If Anything Happens I Love You | Review28 December 2020 / by Clernie Guintodan (author)
Michael Govier and Will McCormack have truly outdone themselves in this chaotic and unblessed year. This slice-of-life, silent film, If Anything Happens I Love You, leaves viewers in a puddle of tears so deep, you could swim in it. It tells the story of how a mother and a father cope with the death of their daughter who was killed in a school shooting.
A wise person once said “To lose a child is like losing your breath and never catching it again” and this movie has proven it to be true. In If Anything Happens I Love You both parents have lost their voices, isolated themselves and drowned themselves in agony. Their love for their child leads them to reminisce about the memories of when she was alive only to remind them how limited those memories really are. Both can only blame themselves as they realize their powerlessness in preventing her death, leaving them distraught and stripped of the love and hope that was once there.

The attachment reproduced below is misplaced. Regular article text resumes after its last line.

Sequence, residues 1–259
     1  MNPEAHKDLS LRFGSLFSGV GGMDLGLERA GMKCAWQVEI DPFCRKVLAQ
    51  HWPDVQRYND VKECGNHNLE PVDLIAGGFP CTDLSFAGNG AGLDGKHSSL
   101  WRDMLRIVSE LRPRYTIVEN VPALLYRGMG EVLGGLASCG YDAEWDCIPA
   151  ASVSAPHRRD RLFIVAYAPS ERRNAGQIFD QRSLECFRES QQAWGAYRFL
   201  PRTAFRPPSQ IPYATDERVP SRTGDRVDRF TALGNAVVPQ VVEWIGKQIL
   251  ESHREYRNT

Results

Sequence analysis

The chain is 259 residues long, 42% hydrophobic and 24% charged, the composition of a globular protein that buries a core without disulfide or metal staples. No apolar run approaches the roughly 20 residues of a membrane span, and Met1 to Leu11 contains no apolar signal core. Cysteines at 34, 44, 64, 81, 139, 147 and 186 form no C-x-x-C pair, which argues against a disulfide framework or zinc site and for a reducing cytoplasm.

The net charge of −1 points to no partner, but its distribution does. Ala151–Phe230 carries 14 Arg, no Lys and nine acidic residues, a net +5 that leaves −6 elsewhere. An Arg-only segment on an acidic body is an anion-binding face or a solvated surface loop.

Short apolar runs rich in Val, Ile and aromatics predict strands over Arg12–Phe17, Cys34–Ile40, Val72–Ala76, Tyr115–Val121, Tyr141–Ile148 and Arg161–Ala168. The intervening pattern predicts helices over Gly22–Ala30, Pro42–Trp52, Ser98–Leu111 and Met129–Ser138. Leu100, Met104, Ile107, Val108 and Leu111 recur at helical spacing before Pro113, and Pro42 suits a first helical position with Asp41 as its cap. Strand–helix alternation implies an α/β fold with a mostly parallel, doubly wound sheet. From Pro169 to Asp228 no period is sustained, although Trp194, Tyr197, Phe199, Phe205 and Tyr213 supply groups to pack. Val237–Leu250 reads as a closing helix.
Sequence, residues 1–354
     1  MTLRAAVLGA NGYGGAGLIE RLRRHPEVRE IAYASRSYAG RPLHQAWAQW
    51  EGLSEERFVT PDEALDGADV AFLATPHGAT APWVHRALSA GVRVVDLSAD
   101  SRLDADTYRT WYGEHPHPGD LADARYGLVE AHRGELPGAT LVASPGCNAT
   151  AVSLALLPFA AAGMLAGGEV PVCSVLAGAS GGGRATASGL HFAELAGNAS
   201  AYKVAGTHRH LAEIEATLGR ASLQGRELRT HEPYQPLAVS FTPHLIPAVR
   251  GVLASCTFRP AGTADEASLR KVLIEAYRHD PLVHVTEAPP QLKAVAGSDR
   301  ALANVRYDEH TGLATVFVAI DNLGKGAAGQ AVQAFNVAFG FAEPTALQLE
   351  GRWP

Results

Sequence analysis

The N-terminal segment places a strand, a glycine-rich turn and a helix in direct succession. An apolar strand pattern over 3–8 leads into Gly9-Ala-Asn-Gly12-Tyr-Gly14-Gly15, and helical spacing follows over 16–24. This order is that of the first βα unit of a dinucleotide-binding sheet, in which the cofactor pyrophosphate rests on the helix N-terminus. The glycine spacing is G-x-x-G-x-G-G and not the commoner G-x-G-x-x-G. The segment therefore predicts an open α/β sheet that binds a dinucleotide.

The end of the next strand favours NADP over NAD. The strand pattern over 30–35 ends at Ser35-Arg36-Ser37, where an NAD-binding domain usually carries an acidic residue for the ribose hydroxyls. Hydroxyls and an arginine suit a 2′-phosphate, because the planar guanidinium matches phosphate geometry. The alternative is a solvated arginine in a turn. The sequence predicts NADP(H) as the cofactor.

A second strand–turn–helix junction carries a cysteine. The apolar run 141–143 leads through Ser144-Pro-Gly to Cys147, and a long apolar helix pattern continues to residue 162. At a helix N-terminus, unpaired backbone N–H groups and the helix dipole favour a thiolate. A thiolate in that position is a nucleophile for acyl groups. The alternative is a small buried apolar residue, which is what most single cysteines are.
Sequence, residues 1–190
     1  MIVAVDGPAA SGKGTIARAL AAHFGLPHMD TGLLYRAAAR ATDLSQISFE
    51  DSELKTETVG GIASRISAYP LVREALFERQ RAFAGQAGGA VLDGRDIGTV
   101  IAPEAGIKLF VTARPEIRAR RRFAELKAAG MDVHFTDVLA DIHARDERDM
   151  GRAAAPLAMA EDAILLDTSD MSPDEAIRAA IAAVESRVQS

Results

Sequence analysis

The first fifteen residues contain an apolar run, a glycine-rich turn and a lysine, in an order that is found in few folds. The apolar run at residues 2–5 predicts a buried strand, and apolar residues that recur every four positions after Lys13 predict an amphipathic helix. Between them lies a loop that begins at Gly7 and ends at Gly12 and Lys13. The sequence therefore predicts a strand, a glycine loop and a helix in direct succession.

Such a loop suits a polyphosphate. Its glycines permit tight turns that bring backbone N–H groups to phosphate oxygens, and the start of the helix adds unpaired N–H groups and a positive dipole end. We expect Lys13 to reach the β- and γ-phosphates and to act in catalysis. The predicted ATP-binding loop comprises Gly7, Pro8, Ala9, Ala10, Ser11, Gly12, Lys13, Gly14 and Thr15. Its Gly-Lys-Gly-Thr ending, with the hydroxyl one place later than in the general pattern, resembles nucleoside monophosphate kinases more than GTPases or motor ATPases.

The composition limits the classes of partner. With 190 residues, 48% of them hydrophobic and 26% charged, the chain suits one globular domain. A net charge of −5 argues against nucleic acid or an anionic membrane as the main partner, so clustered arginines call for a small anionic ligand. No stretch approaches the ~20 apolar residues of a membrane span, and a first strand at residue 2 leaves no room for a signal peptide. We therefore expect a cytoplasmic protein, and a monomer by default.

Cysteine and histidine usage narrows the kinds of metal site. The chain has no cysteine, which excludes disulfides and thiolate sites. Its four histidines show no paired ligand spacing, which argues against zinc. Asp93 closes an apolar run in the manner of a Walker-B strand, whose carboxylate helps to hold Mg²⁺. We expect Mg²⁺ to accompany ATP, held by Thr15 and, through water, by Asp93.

This film (running only twelve minutes) is the type that lingers within you sheerly through it’s symbolism and shadows. For an animated film where black and white are so prominent, the blue created a great contrast for the overall picture.
Throughout the film the colour blue is used to signify the daughter, and each time the parents encountered the colour it would trigger memories. When the mother saw her late daughter’s blue shorts, she’d hold onto it with care with tears sliding down her face. And as the father walks throughout their backyard, he comes upon a wall that was partially painted blue, reminding him of how his daughter made a crack in the wall during soccer practice.
This twelve-minute film visually represents an unfortunate reality of the world today. It’s a direct product of the aftermath of mass school shootings that have happened across the United States of America and it’s rife with messaging that we need not forget despite the pandemic.
Rating: 4/5 Stars